Agriculture and manufacturing are the two major economic sectors in Savar. The main crops grown here are Paddy, Jute, peanut, onion, garlic, chili, and other vegetables. The extinct or nearly extinct crops in the region are Aus paddy, Asha Kumari paddy, sesame, linseed, kali mator, randhuni saj, mitha saj, kaun, and mas kalai. The main fruits cultivated here are Jackfruit, mango, olive, papaya, guava, kamranga, berry, and banana. There are 181 combined fisheries, dairies, poultries, five hatcheries, 209 poultries, and 1319 fisheries. Manufacturing facilities include Ceramic industry, beverage industry, press and publication, garments industry, foot ware, jute mills, textile mills, printing and dyeing factory, transformer industry, automobile industry, biscuit and bread factory, pharmaceutical industry, soap factory, brickfield, cold storage, welding, plant nursery, etc. Bangladesh Export Processing Zone is located in this Upazila. The Cottage industry includes 8 Weaving, 100 goldsmith, and 29 others workshops. The main exports are Jackfruit, papaya, flower, sapling, dairy products, meat, transformer, fabrics, dye, medicine, ready-made garments, electronics and electric goods, shoe, brick, sweetmeat, etc.

Agriculture % Industry % Service %
23.6 59.6 16.8

There is 62 km of pucca (first-class), 56 km of semi pucca, 562 km of mud road, and 50 km of highway. Transports used here include the traditional (and extinct or nearly extinct) Palanquin, bullock cart, horse carriage, and modern-day vehicles.

The minimum wage is approximately $9.50 per week or $38 per month.[6][7]


Savar Thana was established in 1912 and was turned into an Upazila in 1983.

Savar Upazila is divided into Savar Municipality and 13 union parishads: Aminbazar, Ashulia, Banogram, Bhakurta, Biralia, Dhamsona, Kaundia, Pathalia, Savar, Shimulia, Tetuljhora, and Yearpur. The union parishads are subdivided into 220 mauzas and 380 villages.

Savar Municipality is subdivided into nine wards and 57 mahallas.[8]

The area of the town is 24.1 km2. It had a population of 124,885; male 53.03%, female 46.97%; population density per km2 of 5182. Presently, Savar Upazila is divided into two thanas, one is Savar Main, and the other is Ashulia.[citation needed]


Several Hindu families and some Muslim people ("Hira Lal Sarkar," who was the collector of the British Government) played a critical role in the development of the township during the British Raj in the 19th and first half of the 20th century. After the partition of India in 1947, the Hindu influence in the area waned following the departure of many prominent Hindu families. The 1960s saw some important institutions, including a dairy farm and a University in the area. Concurrently, communist politics was on the rise in the area. However, this was replaced with Bengali nationalist zeal when the Bangladesh Awami League won the 1970 election in this constituency. In 1975, Savar came to the spotlight when the Maoist leader Shiraj Shikdar was secretly tortured and executed at Savar Cantonment. Savar was politically important to the military dictators of the mid-1970s and 1980s, as the cantonment armory here was the closest one outside the capital.

From the 1990s to mid-2000s, the Bangladesh Nationalist Party candidate has been routinely elected to parliament from this constituency. However, the Bangladesh Awami League and other parties, Communist Party of Bangladesh, Socialist Party of Bangladesh, Worker's Party (Menon), National Awami Party, Sammobady Dal (including several Islamist ones) continue to have a grassroots presence. The end of 2008 saw a Bangladesh Awami League candidate elected to parliament from this constituency. Bangladesh Awami League 3rd time ruling over Bangladesh and also this Upazila. By this time people of Savar have their 1st MP, who is selected as "State Minister for Disaster Management and Relief Dr. Md Enamur Rahman" from 2019 January. Jahangirnagar University and a few colleges in the area serve as a hotbed of active student politics and strife. Foreign dignitaries customarily visit Savar as a part of their trip to Bangladesh to pay respect to the martyrs of 1971 at the National Martyrs' Memorial.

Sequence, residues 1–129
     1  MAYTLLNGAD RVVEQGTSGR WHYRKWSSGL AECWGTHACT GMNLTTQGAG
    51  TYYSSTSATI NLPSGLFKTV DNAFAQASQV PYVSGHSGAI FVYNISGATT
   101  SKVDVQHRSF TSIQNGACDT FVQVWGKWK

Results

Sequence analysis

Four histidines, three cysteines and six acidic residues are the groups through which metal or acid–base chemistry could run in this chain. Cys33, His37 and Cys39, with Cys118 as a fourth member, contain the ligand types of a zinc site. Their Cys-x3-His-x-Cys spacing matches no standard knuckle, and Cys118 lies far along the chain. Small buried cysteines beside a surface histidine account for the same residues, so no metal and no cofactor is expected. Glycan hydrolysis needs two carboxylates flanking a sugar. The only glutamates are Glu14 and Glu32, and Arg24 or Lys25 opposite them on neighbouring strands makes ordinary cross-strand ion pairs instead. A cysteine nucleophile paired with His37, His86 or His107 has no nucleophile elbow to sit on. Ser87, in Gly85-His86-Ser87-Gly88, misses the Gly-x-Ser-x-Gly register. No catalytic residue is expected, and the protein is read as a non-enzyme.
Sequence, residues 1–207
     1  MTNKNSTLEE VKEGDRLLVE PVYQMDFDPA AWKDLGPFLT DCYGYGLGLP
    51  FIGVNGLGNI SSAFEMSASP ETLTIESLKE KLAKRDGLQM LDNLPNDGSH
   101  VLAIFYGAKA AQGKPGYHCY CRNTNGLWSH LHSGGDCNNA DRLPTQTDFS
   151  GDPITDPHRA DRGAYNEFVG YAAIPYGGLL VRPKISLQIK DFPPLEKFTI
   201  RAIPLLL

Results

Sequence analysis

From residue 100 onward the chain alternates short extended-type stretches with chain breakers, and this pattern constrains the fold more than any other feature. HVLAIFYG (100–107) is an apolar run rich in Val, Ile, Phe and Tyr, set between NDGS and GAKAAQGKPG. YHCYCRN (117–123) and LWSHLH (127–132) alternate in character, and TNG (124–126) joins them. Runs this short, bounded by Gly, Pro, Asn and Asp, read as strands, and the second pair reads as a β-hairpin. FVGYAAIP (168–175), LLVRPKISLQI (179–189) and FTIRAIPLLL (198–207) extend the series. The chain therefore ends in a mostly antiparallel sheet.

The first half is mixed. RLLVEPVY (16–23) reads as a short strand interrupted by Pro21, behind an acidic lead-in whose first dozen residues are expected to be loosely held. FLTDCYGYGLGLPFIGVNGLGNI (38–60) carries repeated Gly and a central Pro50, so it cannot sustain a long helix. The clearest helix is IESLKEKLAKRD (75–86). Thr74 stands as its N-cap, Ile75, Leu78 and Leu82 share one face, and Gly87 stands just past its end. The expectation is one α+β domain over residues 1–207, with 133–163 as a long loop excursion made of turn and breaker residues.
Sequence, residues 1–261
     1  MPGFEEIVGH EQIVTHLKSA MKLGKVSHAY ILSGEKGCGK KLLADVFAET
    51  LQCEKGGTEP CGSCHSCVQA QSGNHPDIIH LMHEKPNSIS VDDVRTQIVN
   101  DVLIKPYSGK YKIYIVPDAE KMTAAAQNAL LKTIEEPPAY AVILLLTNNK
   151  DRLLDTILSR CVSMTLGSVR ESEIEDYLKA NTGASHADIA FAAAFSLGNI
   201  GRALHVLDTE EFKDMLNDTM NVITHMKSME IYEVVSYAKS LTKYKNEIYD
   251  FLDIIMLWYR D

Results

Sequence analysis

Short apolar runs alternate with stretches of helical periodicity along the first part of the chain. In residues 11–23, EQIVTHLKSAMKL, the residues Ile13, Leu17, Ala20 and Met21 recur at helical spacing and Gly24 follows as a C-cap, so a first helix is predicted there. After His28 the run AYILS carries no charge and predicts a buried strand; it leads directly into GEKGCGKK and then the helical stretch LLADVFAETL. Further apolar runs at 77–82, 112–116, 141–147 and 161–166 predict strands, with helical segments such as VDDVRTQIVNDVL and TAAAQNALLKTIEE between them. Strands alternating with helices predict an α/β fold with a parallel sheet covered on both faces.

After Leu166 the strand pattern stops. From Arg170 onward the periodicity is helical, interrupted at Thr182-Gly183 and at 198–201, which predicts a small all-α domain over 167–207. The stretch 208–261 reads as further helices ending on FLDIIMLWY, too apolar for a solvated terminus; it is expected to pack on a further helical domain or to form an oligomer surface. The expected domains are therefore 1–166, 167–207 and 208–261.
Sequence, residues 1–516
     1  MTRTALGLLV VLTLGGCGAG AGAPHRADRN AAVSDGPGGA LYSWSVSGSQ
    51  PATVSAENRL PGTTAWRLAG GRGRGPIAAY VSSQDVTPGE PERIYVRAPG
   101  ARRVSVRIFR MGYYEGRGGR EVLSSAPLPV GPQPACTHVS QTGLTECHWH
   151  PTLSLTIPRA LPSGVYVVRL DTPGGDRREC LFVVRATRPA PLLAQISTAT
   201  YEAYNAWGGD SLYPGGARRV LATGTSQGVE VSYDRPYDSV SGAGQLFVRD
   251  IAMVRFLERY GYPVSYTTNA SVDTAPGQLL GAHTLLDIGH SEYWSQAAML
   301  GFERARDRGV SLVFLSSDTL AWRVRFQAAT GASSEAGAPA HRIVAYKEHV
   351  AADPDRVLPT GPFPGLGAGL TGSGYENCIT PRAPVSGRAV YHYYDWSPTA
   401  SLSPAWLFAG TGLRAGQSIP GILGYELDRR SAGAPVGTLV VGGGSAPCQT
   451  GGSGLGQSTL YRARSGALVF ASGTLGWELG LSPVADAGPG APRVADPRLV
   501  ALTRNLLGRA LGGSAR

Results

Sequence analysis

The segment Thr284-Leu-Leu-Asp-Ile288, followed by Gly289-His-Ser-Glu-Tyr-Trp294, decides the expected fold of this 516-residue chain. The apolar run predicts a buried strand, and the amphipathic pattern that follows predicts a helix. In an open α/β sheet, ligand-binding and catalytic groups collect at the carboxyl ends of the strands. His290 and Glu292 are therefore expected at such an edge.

List of shopping mall in SavarEdit

There are the following shopping malls in Savar.

  • Sena Shopping Complex is a six-storied shopping complex in Nobinogor. It is the biggest shopping mall in Savar.
  • City Center is in Savar bus stand, and it is the oldest shopping mall in Savar.
  • New Market is in opposite side on City Center. It is a four-storied shopping mall.
  • Hazi Ershad Market is in Baipail, opposite side of Ashulia police station. It is famous for all kinds of fish.
Effluent Treatment plant at Savar

Educational institutionsEdit

The following are some of the notable institutions of Savar

Important structures and establishmentsEdit

There are so many important installations in Savar, some of them are following -

Some other important establishments of Savar are Satellite Ground Receiving Station (Talibabad), Savar Youth Training Centre, etc.

See alsoEdit


  1. ^ "Fire Kills 112 Workers Making Clothes for US Brands". ABC News.
  2. ^ Dudley, Renee (15 April 2013). "Wal-Mart, Sears Refuse Compensation for Factory Victims". Bloomberg Businessweek. Archived from the original on 28 June 2013.
  3. ^ "Bangladesh textile factories shut amid unrest". BBC News. 16 May 2013. Retrieved 14 May 2013.
  4. ^ "Bangladesh factories reopen after Dhaka disaster". BBC News. 16 May 2013. Retrieved 2 May 2013.
  5. ^ "Alerts".
  6. ^ Hossain, Farid; Sullivan, Tim (28 April 2013). "Bangladesh owner is at nexus of politics, business". Yahoo! News. AP.
  7. ^ "Owner of collapsed building captured in Bangladesh". Yahoo News. 27 April 2013.
  8. ^ "District Statistics 2011: Dhaka" (PDF). Bangladesh Bureau of Statistics. Archived from the original (PDF) on 13 November 2014. Retrieved 14 July 2014.
  9. ^ Amin, Md Shahidul; Islam, M Zakiul (2012). "National Martyrs' Memorial". In Islam, Sirajul; Jamal, Ahmed A. (eds.). Banglapedia: National Encyclopedia of Bangladesh (Second ed.). Asiatic Society of Bangladesh.
  10. ^ "Migratory birds back to JU campus". The Financial Express. Dhaka. 19 November 2012. Retrieved 12 July 2013.
  11. ^ "CRP - Centre for the Rehabilitation of the Paralysed | CRP BANGLADESH". Retrieved 5 June 2021.
  • NK Bhattasali, 'The Math Inscription of Mahendra, Son of Harish Chandra of Sabhar', Dacca Review, 1920
  • GM Laskar, 'Notes on Raja Harish Chandra of Sabhar', Dacca Review, 1920
  • MM Hoque, SMK Ahsan and SSM Rahman, 'Pre-Muslim Settlement and Chronology of Savar Region', Pratnatattva, 1996
  • AKM Shahnawaz and MM Hoque, 'Savar: History and Archaeology', in Souvenir, 9th Bangladesh Science Conference, held in Jahanginagar University, 1996.
  1. ^ "National Volume-3: Urban Area Report" (PDF), Population and Housing Census 2011, Bangladesh Bureau of Statistics, pp. 24–25, August 2014